Authors

Weibing Tang, State Key Laboratory of Reproductive Medicine, Institute of Toxicology, School of Public Health, Nanjing Medical University; Laboratory of Modern Toxicology (Nanjing Medical University)
Junwei Tang, State Key Laboratory of Reproductive Medicine, Institute of Toxicology, School of Public Health, Nanjing Medical University; Laboratory of Modern Toxicology (Nanjing Medical University)
Jun He, Department of Pathology, Thomas Jefferson UniversityFollow
Zhigang Zhou, State Key Laboratory of Reproductive Medicine, Institute of Toxicology, School of Public Health, Nanjing Medical University; Laboratory of Modern Toxicology (Nanjing Medical University)
Yufeng Qin, State Key Laboratory of Reproductive Medicine, Institute of Toxicology, School of Public Health, Nanjing Medical University; Department of Pediatric Surgery, Nanjing Children's Hospital Affiliated Nanjing Medical University
Jingjing Qin, State Key Laboratory of Reproductive Medicine, Institute of Toxicology, School of Public Health, Nanjing Medical University; Laboratory of Modern Toxicology (Nanjing Medical University)
Bo Li, State Key Laboratory of Reproductive Medicine, Institute of Toxicology, School of Public Health, Nanjing Medical University; Laboratory of Modern Toxicology (Nanjing Medical University)
Xiaoqun Xu, State Key Laboratory of Reproductive Medicine, Institute of Toxicology, School of Public Health, Nanjing Medical University; Laboratory of Modern Toxicology (Nanjing Medical University)
Qiming Geng, Laboratory of Modern Toxicology (Nanjing Medical University)
Weiwei Jiang, Laboratory of Modern Toxicology (Nanjing Medical University)
Wei Wu, State Key Laboratory of Reproductive Medicine, Institute of Toxicology, School of Public Health, Nanjing Medical University; Department of Pediatric Surgery, Nanjing Children's Hospital Affiliated Nanjing Medical University
Xinru Wang, State Key Laboratory of Reproductive Medicine, Institute of Toxicology, School of Public Health, Nanjing Medical University; Department of Pediatric Surgery, Nanjing Children's Hospital Affiliated Nanjing Medical University
Yankai Xia, State Key Laboratory of Reproductive Medicine, Institute of Toxicology, School of Public Health, Nanjing Medical University; Department of Pediatric Surgery, Nanjing Children's Hospital Affiliated Nanjing Medical University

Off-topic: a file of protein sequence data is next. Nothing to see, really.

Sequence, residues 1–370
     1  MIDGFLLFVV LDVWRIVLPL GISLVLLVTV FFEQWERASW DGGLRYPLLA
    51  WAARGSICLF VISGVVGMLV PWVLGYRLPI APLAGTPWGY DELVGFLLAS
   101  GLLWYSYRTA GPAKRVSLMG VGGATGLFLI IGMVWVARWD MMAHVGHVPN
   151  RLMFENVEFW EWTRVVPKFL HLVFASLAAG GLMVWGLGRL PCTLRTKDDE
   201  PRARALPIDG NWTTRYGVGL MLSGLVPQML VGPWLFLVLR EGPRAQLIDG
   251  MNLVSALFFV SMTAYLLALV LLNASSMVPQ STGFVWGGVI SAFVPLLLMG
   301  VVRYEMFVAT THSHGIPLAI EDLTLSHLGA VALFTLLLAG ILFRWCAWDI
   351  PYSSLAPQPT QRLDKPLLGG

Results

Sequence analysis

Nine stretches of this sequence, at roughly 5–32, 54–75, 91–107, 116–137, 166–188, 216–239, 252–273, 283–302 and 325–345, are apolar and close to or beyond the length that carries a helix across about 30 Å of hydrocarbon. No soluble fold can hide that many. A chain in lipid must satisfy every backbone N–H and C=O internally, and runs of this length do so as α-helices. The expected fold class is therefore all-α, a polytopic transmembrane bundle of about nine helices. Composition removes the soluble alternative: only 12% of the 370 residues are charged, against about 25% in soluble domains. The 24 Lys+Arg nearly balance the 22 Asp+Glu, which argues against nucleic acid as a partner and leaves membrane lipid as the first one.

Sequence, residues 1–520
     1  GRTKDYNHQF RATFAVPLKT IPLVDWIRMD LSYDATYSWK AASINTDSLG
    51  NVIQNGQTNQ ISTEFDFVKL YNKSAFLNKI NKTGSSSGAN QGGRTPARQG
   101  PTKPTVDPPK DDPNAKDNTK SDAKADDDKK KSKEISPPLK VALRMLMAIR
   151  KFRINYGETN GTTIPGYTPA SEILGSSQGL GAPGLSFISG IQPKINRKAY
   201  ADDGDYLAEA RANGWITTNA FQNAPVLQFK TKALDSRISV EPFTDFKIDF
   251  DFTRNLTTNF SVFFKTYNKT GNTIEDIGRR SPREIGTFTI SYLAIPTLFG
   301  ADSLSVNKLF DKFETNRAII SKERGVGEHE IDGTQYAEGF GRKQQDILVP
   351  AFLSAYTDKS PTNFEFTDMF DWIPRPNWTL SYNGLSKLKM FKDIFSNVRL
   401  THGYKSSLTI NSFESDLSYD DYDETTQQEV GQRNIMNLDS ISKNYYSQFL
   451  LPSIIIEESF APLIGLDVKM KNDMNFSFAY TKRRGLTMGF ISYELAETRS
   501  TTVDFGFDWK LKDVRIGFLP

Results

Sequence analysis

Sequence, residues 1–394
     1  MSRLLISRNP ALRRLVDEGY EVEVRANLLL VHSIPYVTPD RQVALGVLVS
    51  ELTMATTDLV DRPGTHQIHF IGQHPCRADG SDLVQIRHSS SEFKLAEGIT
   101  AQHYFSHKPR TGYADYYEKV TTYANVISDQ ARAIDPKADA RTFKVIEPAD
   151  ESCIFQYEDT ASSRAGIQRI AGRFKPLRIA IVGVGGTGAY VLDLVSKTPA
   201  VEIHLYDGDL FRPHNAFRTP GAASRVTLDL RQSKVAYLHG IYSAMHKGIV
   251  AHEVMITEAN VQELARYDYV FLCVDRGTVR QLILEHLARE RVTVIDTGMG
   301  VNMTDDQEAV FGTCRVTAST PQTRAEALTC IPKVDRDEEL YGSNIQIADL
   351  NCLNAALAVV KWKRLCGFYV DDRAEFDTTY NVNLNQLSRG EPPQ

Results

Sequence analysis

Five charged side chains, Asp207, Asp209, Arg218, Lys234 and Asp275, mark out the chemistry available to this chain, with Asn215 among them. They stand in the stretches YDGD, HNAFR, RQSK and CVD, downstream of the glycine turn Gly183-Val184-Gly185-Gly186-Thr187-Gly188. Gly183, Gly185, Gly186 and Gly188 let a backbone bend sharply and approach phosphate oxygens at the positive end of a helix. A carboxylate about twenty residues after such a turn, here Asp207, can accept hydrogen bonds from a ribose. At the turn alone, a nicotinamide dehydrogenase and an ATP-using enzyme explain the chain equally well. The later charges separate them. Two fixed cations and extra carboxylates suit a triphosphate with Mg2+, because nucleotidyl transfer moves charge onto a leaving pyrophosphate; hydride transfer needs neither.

Document Type

Article

Publication Date

6-1-2015

Comments

This article has been peer reviewed. It was published in: Journal of Cellular and Molecular Medicine.

Volume 19, Issue 6, 1 June 2015, Pages 1197-1207.

The published version is available at DOI: 10.1111/jcmm.12454

Copyright © 2015 The Authors

Abstract

Hirschsprung's disease (HSCR) is a rare congenital disease caused by impaired proliferation and migration of neural crest cells. We investigated changes in expression of microRNAs (miRNAs) and the genes they regulate in tissues of patients with HSCR. Quantitative real-time PCR and immunoblot analyses were used to measure levels of miRNA, mRNAs, and proteins in colon tissues from 69 patients with HSCR and 49 individuals without HSCR (controls). Direct interactions between miRNAs and specific mRNAs were indentified in vitro, while the function role of miR-218-1 was investigated by using miR-218 transgenic mice. An increased level of miR-218-1 correlated with increased levels of SLIT2 and decreased levels of RET and PLAG1 mRNA and protein. The reductions in RET and PLAG1 by miR-218-1 reduced proliferation and migration of SH-SY5Y cells. Overexpression of the secreted form of SLIT2 inhibited cell migration via binding to its receptor ROBO1. Bowel tissues from miR-218-1 transgenic mice had nerve fibre hyperplasia and reduced numbers of gangliocytes, compared with wild-type mice. Altered miR-218-1 regulation of SLIT2, RET and PLAG1 might be involved in the pathogenesis of HSCR.

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